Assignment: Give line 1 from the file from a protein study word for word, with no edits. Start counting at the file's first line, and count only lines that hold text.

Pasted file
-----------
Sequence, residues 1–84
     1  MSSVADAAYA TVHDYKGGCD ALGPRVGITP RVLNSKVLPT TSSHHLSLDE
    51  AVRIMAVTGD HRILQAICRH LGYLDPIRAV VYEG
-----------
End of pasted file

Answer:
Sequence, residues 1–84